The panel of judges of the 15th edition of the International Joan Guinjoan Prize for young composers, awarded by the Escola Superior de Música de Catalunya (ESMUC) has awarded the prize to Antonio Moral from Cordoba, for his piece ‘Aljibe de Absoluta Complacencia’ which was selected from 145 pieces, submitted by participants from up to 37 different nationalities.
Find out more about the winner and his award winning piece…
What inspired you to write the winning piece?
Aljibe de Absoluta Complacencia forms part of a series of works I have been creating around painting. The plastic artist Ismael Moral Jurado and myself work together, we work to bring plastic arts and music closer together. My personal interest lies in the “essence of the creation process of plastic works” Elements such as energy, drive and their direct relationship with colour and structure all act as a base to obtain original material. And all of this is fixed in a temporary framework, which is what I try to articulate in a structured manner.
What does winning the Joan Guinjoan Award mean to you?
To me, winning the Joan Guinjoan Award, apart from being an honour, represents a huge step forward in my career, allowing me to leap onto the stage, and thanks to this, it gives me the opportunity to share my music, whilst also being supported.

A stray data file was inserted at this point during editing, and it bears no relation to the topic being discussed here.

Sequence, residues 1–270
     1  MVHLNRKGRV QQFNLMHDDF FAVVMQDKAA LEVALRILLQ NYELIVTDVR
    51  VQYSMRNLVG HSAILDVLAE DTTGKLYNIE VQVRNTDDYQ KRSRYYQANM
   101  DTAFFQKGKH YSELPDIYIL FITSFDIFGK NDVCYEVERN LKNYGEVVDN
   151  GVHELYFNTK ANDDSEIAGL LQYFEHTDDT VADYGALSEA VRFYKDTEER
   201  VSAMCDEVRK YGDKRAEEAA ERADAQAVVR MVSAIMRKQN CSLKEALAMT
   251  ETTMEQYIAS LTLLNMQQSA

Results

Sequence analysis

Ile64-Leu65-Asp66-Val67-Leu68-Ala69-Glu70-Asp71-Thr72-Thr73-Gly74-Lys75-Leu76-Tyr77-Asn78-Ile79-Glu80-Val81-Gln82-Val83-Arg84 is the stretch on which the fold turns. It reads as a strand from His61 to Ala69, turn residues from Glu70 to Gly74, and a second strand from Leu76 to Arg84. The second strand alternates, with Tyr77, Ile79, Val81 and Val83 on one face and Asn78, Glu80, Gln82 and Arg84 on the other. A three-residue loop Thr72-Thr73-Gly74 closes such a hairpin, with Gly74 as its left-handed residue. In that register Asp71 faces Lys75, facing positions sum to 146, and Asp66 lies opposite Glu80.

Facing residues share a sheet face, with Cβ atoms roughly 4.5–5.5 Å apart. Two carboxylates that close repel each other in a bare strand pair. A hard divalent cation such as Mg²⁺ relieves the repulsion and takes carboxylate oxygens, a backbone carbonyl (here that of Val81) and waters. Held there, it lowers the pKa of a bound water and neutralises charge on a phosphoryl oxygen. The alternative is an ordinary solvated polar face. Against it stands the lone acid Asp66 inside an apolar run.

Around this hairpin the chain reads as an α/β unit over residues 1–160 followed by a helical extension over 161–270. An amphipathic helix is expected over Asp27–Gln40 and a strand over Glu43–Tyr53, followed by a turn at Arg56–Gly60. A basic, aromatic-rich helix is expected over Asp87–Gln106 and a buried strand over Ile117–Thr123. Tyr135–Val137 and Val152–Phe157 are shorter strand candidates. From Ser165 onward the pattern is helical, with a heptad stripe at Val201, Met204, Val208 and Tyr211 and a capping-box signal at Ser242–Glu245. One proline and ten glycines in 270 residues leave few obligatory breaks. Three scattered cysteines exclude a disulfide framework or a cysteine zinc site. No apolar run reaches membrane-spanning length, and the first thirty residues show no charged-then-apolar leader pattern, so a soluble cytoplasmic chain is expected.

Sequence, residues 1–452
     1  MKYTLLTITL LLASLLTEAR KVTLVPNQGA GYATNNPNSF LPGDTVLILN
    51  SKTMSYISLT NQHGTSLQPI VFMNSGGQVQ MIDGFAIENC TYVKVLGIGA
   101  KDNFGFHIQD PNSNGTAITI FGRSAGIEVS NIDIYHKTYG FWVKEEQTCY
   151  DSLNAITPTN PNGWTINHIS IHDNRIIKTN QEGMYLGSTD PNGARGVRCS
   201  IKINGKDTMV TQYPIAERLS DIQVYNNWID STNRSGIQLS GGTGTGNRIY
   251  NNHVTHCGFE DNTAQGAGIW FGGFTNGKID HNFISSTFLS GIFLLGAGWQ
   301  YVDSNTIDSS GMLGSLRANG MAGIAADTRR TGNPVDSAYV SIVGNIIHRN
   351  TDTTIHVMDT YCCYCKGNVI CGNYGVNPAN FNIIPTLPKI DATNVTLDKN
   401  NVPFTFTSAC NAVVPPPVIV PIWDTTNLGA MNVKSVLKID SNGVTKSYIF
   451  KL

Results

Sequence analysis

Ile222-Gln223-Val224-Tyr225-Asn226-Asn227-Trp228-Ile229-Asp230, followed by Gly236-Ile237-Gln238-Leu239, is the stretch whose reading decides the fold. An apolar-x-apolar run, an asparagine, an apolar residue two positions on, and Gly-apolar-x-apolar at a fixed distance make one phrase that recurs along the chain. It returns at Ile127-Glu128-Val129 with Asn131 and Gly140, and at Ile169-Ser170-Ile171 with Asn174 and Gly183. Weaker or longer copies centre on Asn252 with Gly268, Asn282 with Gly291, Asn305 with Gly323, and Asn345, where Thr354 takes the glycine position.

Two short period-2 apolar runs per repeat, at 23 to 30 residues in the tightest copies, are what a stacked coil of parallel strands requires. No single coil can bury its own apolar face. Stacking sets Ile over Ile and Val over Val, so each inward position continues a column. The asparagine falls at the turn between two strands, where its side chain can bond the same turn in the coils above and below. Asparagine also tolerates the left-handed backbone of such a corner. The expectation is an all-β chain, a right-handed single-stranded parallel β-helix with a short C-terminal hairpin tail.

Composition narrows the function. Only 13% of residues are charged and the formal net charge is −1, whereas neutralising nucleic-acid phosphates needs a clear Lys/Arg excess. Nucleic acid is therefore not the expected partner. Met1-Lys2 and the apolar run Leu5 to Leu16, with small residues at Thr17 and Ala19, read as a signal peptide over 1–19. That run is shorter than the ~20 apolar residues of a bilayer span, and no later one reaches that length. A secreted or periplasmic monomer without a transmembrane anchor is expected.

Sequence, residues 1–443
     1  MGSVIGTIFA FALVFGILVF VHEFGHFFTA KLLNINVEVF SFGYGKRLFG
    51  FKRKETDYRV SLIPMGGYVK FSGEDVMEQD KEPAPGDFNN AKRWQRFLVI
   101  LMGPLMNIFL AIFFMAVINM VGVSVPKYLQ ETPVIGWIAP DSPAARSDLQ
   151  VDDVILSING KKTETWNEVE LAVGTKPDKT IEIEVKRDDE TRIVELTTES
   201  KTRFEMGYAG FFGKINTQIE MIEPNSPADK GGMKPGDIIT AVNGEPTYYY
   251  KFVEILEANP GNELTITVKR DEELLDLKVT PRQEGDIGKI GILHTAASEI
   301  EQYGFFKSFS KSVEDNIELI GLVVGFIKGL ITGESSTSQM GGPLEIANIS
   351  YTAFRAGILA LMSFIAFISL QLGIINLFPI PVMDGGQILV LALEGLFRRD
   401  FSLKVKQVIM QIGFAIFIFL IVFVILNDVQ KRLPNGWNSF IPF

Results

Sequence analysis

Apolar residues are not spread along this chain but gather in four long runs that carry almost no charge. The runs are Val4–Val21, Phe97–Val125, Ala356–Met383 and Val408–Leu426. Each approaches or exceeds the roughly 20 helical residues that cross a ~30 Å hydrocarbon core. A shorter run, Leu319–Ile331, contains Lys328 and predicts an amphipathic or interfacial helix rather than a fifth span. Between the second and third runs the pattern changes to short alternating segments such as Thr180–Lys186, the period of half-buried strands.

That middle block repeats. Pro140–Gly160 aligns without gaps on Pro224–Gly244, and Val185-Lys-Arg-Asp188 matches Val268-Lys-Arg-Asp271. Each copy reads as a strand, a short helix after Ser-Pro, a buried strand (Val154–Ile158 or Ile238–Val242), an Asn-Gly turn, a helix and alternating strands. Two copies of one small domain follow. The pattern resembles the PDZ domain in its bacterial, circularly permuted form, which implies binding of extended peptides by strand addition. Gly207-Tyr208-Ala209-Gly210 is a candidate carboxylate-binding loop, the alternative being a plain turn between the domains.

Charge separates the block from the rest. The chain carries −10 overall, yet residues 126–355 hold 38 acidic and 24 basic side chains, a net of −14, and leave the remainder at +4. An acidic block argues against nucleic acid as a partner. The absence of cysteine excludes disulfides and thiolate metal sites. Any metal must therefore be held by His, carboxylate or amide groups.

How would you define the sounds that you compose, your personal audio signature?
In the sound that I look for in my music, colour is very important to me. Sometimes, tone defines other parameters such as harmony and texture, the use of extended technical instruments etc. For example, the combination of enclosed harmonic spaces means that the instruments and harmonic parameters can be identified. On the other hand, discourse is also very important to me, I try and follow a clear structural line.
From your point of view, what position is contemporary music currently in?
I think that contemporary music is still a largely unknown genre, and what is even worse, it is still largely unknown even within this group of music. For me, it is very surprising that instrumentalists, singers and orchestra conductors still don’t have a close approach to this topic. I think that this problem arises because it is sometimes difficult to get this music to the classrooms, due to difficulties in the assigning of rights and acquisition of materials etc. There are few education centres in which the orchestras play current music, and maybe this is what significantly impedes people from discovering it. Or it could also be due to things such as the “Contemporary Music Workshop” being optional. I don’t know if this situation exists throughout Spain, but at least where I come from, I do find this to be a problem. I think that in order for contemporary music to be heard by the public, it must first be heard in musical training environments.